Mapping Imaginary Spaces in Salman Rushdie's Fiction

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Mapping Imaginary Spaces in Salman Rushdie's Fiction

Daniela Rogobete

Today everything that derives from history and from historical time must undergo a test. Neither ‘cultures' nor the ‘consciousness' of peoples, groups, or even individuals can escape the loss of identity that is now added to all other besetting terrors… nothing and no one can avoid trial by space. (Lefebvre in Burgin, 1996: 23)

Space and its recontextualisation, its metaphoric representations and political remappings have always preoccupied the theorists of postcolonialism who tried to find new ways of reading its physical and metaphorical coordinates. A relativisation of both space and time was long ago operated so that territories were reshaped, boundaries retraced in an attempt to reconfigure reality according to new dimensions. Relocation of centre and periphery, margins and interstitial spaces were redefined within what has been called the politics of location requiring a new vocabulary belonging to spatial language. It places identity, no longer envisaged in tight relation to a definite place, race gender or culture in the "

The difference between modernism and postmodernism in terms of displacement is most of the time defined as lying in the opposite conception of space seen as unitary in modernism versus the hybrid cosmopolitan space favoured by postmodernism. Whereas modernism was said to have been interested in an absolute, coherent space, postmodern culture seems to be increasingly interested in spatial logic. Frederic Jameson introduced the idea of devising cognitive maps serving on the one hand to offer space a different perspective and on the other, to provide metaphors for the metaphysical coordinates of space, so far slightly ignored, and for class struggle and social organisation, relying upon Laclan's affirmation that any representation of space is political. "That is exactly – he affirms – what the cognitive map is called upon to do in the narrower framework of daily life in the physical city: to enable a situational representation on the part of the individual subject to the vaster and properly unrepresentable totality which is the ensemble of society's structures as a whole." (Jameson in Leach, 2002: 31)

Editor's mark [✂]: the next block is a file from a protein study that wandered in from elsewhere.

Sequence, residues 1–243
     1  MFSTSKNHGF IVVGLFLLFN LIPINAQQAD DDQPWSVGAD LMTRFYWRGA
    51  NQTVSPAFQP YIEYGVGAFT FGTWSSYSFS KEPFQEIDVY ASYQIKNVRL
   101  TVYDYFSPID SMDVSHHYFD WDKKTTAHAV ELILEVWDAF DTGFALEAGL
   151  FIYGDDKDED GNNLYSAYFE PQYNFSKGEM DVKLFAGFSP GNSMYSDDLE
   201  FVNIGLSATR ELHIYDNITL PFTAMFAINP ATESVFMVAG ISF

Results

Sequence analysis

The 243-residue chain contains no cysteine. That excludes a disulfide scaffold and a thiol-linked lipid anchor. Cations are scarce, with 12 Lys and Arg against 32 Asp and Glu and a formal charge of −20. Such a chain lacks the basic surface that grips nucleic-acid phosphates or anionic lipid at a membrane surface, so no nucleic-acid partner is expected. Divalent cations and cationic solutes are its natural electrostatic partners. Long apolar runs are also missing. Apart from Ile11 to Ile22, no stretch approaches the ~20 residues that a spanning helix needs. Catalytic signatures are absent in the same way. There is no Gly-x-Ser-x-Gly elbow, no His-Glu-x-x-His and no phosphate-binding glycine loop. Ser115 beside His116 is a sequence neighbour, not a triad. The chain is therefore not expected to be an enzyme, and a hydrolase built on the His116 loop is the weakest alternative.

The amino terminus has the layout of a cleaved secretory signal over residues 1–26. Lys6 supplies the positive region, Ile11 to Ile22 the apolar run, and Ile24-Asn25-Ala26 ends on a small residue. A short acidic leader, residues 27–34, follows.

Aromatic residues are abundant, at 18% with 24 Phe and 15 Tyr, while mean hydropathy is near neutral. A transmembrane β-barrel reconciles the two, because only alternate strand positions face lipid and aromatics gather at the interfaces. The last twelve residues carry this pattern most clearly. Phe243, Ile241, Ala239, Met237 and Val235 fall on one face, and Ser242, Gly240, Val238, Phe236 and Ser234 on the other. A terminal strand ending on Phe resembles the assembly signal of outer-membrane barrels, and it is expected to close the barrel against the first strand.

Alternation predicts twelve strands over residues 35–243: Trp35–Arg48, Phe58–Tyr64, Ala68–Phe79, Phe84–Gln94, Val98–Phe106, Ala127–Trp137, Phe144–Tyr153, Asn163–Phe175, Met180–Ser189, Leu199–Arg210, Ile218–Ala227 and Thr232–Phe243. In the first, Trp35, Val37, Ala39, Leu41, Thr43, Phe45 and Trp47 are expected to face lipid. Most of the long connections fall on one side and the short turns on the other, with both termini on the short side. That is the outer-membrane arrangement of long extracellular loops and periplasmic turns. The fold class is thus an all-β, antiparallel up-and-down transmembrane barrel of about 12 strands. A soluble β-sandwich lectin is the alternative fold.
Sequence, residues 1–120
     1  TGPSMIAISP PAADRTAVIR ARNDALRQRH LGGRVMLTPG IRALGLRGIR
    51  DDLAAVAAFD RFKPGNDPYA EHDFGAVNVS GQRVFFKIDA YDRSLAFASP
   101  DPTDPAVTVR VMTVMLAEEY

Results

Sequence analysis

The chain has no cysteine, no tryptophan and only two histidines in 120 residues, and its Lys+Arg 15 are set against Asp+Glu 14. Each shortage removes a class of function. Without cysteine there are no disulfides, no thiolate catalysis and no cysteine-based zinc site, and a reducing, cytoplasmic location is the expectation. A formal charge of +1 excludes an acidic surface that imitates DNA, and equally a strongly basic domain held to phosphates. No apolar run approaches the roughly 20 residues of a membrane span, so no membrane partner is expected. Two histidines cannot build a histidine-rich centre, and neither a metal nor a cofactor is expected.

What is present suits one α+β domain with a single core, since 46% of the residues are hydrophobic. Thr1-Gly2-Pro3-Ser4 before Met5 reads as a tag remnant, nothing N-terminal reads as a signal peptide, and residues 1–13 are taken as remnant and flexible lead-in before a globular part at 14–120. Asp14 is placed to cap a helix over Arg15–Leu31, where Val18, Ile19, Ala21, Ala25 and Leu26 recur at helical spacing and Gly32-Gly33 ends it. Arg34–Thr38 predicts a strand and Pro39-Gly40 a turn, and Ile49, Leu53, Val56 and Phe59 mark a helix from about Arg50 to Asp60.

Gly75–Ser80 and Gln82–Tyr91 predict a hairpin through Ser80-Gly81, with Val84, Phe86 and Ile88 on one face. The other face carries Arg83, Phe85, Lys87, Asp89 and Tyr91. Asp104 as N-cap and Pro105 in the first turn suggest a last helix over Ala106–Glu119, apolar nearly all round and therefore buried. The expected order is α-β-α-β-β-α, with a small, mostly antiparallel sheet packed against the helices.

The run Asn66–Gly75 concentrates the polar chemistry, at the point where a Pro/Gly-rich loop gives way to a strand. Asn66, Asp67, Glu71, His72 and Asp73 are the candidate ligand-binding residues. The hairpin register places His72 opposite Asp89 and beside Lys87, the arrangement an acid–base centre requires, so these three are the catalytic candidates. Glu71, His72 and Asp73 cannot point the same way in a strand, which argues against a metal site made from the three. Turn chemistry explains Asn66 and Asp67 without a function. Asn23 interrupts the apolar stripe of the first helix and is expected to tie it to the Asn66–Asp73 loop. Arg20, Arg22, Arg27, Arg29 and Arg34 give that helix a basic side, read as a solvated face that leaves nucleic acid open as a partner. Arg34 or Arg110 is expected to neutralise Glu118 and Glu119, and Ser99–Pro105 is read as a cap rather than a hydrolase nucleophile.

Mapping physical space relies upon a definite anchorage into reality by pinning it down by means of definite coordinates and well-established boundaries; economical and political considerations only come to further increase the "reality" of the place, giving its inhabitants the feeling of fully possessing it. The situation changes when space is caught within a clash of representations or when the native finds his space described and re-invented by the coloniser whether ideally embellished as an exotic paradise inhabited by "good savages" or as a corrupted, inferior place where cruel barbarians are to be forcibly civilised. Mapping space within colonial travel accounts meant "exoticising" the place and turning it into a counterpart of a homely, too well-known reality, practically recreating it so as to fit the traveller's desire for recasting old shapes into new moulds but gradually exoticism wore off and the marginal foreign place started being used in order to highlight the superiority of the metropolitan space. Smith and Katz (Grounding Metaphor) see mapping as a particular form of conquering space, translating what is being mapped into the map itself. Space progressively came to be judged according to the cultural and ideological gaze which totally transformed it almost lending it a new reality. The map metaphor was usually taken to stand for cartographic enclosure and conventional delimitation and most of the time it is undermined and deconstructed. Graham Huggan sees the map either as an "agent of cultural transformation" or as a means of "revisioning cultural history".

Space has gradually ceased to be envisaged in its physical, measurable dimensions and started revealing its...
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